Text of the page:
“Over the coming years we expect direct exports to Korean manufacturers to grow, aided by the annual reduction in the Korean tariff on dried NZ velvet. More of the velvet that goes to China will be consumed there and less of it will be re-exported to Korea,” he says.

“In Korea, affluent consumers will be offered NZ velvet-based products in uber-trendy cafes in sophisticated shopping malls. There is nothing in New Zealand that compares with Yuhan Pharmaceuticals New Origin stores, where you can buy an awesome smoothie and then take it through to their apothecary for a matching single-serve health ingredient to sprinkle across. It’s a wonderful fusion of old and new that will normalise NZ velvet as a very high end food ingredient.

“LG (which is known in New Zealand for its electrical appliances) has 22,000 door-to-door sales staff, many of whom are selling healthy food products. They and Lotte, a Korean multinational, are really amping their promotion of NZ velvet products.”

ends

© Scoop Media

 
 
 
Business Headlines | Sci-Tech Headlines

 

CTU 2021 Work Life Survey: COVID And Bullying Hit Workplaces Hard, Huge Support For Increased Sick Leave

New data from the CTU’s annual work life survey shows a snapshot of working people’s experiences and outlook heading out of 2020 and into the new year. Concerningly 42% of respondents cite workplace bullying as an issue in their workplace - a number ... More>>

Smelter: Tiwai Deal Gives Time For Managed Transition

Today’s deal between Meridian and Rio Tinto for the Tiwai smelter to remain open another four years provides time for a managed transition for Southland. “The deal provides welcome certainty to the Southland community by protecting jobs and incomes as the region plans for the future. The Government is committed to working on a managed transition with the local community,” Grant Robertson said. More>>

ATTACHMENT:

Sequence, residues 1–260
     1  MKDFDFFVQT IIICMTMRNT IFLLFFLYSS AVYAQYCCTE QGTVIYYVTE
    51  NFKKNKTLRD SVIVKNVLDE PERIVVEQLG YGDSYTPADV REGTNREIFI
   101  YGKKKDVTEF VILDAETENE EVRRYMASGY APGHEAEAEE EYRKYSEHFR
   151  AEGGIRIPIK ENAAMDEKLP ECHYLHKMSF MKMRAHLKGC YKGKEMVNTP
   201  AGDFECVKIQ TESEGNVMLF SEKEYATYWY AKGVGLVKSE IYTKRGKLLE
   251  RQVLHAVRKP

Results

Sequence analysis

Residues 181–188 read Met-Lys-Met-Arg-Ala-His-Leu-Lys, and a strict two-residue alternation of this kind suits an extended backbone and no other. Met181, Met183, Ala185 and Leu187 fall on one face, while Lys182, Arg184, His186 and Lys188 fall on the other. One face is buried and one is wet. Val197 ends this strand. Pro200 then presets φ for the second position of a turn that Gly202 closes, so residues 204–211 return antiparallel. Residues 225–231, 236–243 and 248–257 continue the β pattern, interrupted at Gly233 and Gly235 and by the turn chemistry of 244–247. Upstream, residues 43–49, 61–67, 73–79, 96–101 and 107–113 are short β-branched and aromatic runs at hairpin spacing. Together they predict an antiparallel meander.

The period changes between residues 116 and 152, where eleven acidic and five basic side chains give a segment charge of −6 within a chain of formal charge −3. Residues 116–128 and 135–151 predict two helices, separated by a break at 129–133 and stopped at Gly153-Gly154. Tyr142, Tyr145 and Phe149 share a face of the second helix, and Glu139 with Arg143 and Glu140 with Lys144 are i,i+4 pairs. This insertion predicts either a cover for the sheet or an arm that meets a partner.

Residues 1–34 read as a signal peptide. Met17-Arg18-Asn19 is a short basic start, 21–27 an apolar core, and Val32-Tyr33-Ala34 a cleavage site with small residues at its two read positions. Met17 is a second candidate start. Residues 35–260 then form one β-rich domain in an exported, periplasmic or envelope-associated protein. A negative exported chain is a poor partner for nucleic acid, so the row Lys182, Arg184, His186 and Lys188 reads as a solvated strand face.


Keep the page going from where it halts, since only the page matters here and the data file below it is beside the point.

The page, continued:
ALSO:

Economy: Strong Job Ad Performance In Quarter Four

SEEK Quarterly Employment Report data shows a positive q/q performance with a 19% national growth in jobs advertised during Q4 2020, which includes October, November and December. Comparing quarter 4, 2020, with the same quarter in 2019 shows that job ad volumes are 7% lower...More>>

NIWA: 2020 - NZ’s 7th-warmest Year On Record

The nationwide average temperature for 2020, calculated using stations in NIWA’s seven-station temperature series which began in 1909, was 13.24°C (0.63°C above the 1981–2010 annual average). New Zealand’s hottest year on record remains 2016, when... More>>

Quotable Value New Zealand: Property Market Set To Cool From Sizzling To Warm In 2021

Nostradamus himself could not have predicted the strange series of events that befell our world in 2020 – nor the wild trajectory of New Zealand’s property market, which has gone from “doom and gloom” to “boom and Zoom” in record time. Even ... More>>

PriceSpy: Research Reveals How Shopping Behaviours Have Changed This Christmas

According to a new survey* from PriceSpy , almost 50 per cent of Kiwis are looking to shop locally this Christmas in light of Covid-19; The research also found consumers are changing their shopping habits, with one in seven (14 per cent) getting super-organised ... More>>